This is yet another example of pro-Labour spin designed to divert attention away from the important issues our country faces.

George Osborne is a much better man than some people think. He helped to end the Brown Bounce with the inheritance tax announcement. Underestimate him at your peril.
My message to all Conservative members is -support your leader and his team and put the focus on opposing the government.

Vincent Wall @13:37 :

'Osborne must stop the politics and game playing and focus on his job.
Otherwise it should be curtains for him.'

I agree entirely. He's on probation as far as I'm concerned.

" Underestimate him at your peril.

I don't think anyone does, that just think he is in the wrong job.

Put simply, out of every Tory MP, what makes George Osborne the most qualified to run the economy?

It's like Ferguson playing Ferdinand as a striker. No-one is questioning Ferdinand's talent, he is just playing out of position.

This is the same Osborne who led a Commons debate on a graphologist's assessment of his counterpart !

Frankly this is getting really juuvenile. i am so relieved none of these politicians has any meaningful contribution to make to the dire economic situation most of us are living through.

It is far better that they dine with a Russian gangster married into the Yeltsin clan and pretend the Cliveden Set is somehow running things. Not one of them has the personal credibility to halt a run on the banks and the nation has had to pledge a third of nation income as collateral to stabilise things.....meanwhile in Corfu, Moscow...or where ever else Deripska summons his pet politicians....dining and whining takes place.

It really is a game. i wonder what will replace these decadent political parties that are wholly discredited with the general public ?

Osborne has *admitted* discussing a potential donation from Mr Deripaska.

What rubbish, stupid man.

"Leave your disgusting homophobia over on order-order.

Typical, say something you happen to believe in and you get that nonsensical bitter riposte. Were I to suffer from any phobia I should be allowed to work it out rather than suffer the heterophobia coming the other way. Idiot.
I happen to loathe anybody with the personality of Mandleson regardeless of his sexual nature or gender. It used to be a free country. Do you also accuse muslim people of this phobia?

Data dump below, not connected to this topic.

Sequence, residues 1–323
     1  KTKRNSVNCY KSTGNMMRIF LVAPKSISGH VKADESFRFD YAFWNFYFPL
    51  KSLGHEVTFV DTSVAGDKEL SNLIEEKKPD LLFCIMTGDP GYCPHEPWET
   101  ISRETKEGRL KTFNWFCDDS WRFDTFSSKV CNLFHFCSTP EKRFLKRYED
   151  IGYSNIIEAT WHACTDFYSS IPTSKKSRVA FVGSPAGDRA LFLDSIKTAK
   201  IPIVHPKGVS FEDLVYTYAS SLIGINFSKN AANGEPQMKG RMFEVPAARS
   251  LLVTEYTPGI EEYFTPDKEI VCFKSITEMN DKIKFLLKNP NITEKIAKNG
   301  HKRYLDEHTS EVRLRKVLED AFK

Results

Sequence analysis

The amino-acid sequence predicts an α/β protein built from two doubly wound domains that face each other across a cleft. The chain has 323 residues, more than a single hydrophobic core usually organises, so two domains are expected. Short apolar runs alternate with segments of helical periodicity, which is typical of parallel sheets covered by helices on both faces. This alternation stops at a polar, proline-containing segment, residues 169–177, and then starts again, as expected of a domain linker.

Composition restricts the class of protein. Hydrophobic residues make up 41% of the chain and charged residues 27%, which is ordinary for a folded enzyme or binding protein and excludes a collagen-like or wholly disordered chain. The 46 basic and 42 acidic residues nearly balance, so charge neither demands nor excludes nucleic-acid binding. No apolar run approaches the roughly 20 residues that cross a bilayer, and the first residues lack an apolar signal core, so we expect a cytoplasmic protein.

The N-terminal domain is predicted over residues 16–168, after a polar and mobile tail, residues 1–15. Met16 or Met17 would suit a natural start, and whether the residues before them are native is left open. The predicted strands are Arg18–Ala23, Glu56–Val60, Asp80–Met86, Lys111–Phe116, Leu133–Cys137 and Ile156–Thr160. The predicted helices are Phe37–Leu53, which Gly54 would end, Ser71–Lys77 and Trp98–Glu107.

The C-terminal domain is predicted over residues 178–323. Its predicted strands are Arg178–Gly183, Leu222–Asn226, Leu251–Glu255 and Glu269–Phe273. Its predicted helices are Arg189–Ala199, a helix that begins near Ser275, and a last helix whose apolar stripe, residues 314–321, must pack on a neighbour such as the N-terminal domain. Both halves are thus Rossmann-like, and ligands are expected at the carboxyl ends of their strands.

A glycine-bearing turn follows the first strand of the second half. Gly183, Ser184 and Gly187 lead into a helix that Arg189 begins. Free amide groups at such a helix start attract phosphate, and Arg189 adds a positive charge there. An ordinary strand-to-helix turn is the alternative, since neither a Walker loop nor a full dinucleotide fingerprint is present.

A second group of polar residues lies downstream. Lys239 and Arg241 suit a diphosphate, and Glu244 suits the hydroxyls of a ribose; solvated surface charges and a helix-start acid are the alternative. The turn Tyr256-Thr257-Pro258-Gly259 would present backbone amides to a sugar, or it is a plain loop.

"forget whether we're doing it all as loyal tools of Draperism or Know-Nothing knuckleheads.

You said it and it is both! LOL

You forgot:

11. He is one of the few honest politicians: he correctly labelled Cameron as the Heir-to-Blair.

It is a stitch up by Mandy and his BBC allies but it can be turned to the good guys' advantage. All it needs is for Osbourne to resign saying that, after 11 years of Nulabour lies and corruption, the electorate deserves the next government to be above reproach. He can admit to making a mistake in judgement by meeting the Prince of Darkness and his friends. The
BBC can then be asked to concentrate on the real scandal of the European Trade Commissioner's dealings with the Russian oligarch.

You'll see Elvis before you see Osborne do contrition.

How is it the result of "Mandy and his BBC allies". I've no doubt Mandelson has had a hand in the Rothschild letter, but to blame the BBC this time is a tad desperate. Unless of course Rupert Murdoch is in on the conspiracy as well.

The problem for the Tories is that you are stuck with Osborne. Sacking him is one of the few things I can think of which would boost Labour's showing.
It would be embarrassing for David Cameron who has said that he intends George Osborne to be the Chancellor of the Exchequer, most people though probably wouldn't recognise a picture of George Osborne, or know who he was if named, if he was moved quietly in a reshuffle or dropped out for some reason I think you would find that like ripples in a pond, the impact would be temporary.